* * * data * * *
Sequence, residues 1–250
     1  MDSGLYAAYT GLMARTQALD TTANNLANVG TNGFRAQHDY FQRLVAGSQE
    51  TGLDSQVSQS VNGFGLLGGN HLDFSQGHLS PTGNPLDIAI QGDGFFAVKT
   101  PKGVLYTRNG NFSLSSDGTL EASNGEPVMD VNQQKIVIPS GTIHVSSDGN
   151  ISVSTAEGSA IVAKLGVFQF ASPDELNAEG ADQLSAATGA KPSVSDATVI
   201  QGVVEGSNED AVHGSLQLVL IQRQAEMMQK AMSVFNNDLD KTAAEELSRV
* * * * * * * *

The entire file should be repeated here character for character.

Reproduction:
Sequence, residues 1–250
     1  MDSGLYAAYT GLMARTQALD TTANNLANVG TNGFRAQHDY FQRLVAGSQE
    51  TGLDSQVSQS VNGFGLLGGN HLDFSQGHLS PTGNPLDIAI QGDGFFAVKT
   101  PKGVLYTRNG NFSLSSDGTL EASNGEPVMD VNQQKIVIPS GTIHVSSDGN
   151  ISVSTAEGSA IVAKLGVFQF ASPDELNAEG ADQLSAATGA KPSVSDATVI
   201  QGVVEGSNED AVHGSLQLVL IQRQAEMMQK AMSVFNNDLD KTAAEELSRV